02/27/2004 1:00AM

Takeout bill gets alterations

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ARCADIA, Calif. - A month after Gov. Arnold Schwarzenegger vetoed legislation that would have increased the takeout on exotic wagers on races in California to help cover the costs of workers' compensation, racing officials have finalized language on similar legislation that includes the changes suggested by Schwarzenegger.

The legislation could reach the committee level this week, according to Drew Couto, the executive director of the Thoroughbred Owners of California. It may be introduced by Assemblyman Jerome Horton (D-Inglewood), or could be added to another bill, Couto said.

"We were given indications by the governor's office that we could use another bill to expedite this bill," Couto said. "If we use another vehicle, we could get in play three or so weeks earlier."

Officials are hoping the bill will be passed by the end of April, and possibly sooner. "We're looking for a swift process now," said Rick Baedeker, president of Hollywood Park.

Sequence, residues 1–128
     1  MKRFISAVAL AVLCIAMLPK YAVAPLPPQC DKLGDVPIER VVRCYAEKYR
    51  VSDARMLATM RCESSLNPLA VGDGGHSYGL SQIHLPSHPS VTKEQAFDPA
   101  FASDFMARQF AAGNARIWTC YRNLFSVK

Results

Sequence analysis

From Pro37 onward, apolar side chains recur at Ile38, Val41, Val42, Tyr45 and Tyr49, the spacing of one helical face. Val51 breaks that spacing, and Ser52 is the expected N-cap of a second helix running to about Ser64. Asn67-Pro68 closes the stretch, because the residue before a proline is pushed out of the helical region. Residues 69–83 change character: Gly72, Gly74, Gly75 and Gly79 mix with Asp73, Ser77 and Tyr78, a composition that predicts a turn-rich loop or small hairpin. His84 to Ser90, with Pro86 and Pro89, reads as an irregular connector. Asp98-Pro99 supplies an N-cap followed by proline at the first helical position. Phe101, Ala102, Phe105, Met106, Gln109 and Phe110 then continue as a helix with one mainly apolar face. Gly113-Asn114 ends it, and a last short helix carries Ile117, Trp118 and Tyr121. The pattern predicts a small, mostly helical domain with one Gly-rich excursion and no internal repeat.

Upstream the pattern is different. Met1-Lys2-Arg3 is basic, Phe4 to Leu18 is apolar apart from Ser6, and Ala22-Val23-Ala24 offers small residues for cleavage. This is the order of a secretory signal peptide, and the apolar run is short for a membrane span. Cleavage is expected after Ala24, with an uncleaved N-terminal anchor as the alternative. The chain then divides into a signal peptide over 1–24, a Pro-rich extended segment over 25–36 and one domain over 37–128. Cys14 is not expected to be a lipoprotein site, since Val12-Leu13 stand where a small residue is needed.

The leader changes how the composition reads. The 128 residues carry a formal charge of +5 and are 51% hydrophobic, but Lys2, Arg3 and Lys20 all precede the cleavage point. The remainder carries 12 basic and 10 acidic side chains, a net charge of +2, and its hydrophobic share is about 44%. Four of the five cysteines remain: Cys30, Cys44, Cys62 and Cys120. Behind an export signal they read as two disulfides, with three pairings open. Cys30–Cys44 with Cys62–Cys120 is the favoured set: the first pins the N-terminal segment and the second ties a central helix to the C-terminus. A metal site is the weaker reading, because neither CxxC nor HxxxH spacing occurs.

The changes from the original legislation include a sunset clause, which in effect causes a law to repeal itself as of a given date in the future. In this case, the takeout increase is expected to expire in 2010. Other changes are a wider involvement from racetracks and county fairs in the management of the insurance program and a provision that calls for occasional reporting to the California Horse Racing Board on the program's financial status.

"We had a meeting with the governor's senior staff," Couto said. "We asked for clarification as to what issues had to be addressed."

The bill would raise the takeout on all bets other than win, place, or show from 20.18 to 20.68 percent. The resulting revenue, estimated at $10 million, would be used to help trainers cover the high cost of mandatory workers' compensation policies. The takeout bill has emergency status and would go into effect 30 days after passage.

If $10 million of revenue is reached, average insurance rates paid by trainers would drop to $20 per $100 of payroll and $50 per jockey's mount. Trainers currently pay $35 to $65 on payroll and $105 to $173 per jockey's mount.

Schwarzenegger's veto shocked racing officials last month after the State Assembly and Senate approved the bill with little opposition. They had expected Schwarzenegger to sign the bill after it passed the Senate 31-4 last September and the Assembly by a vote of 78-0.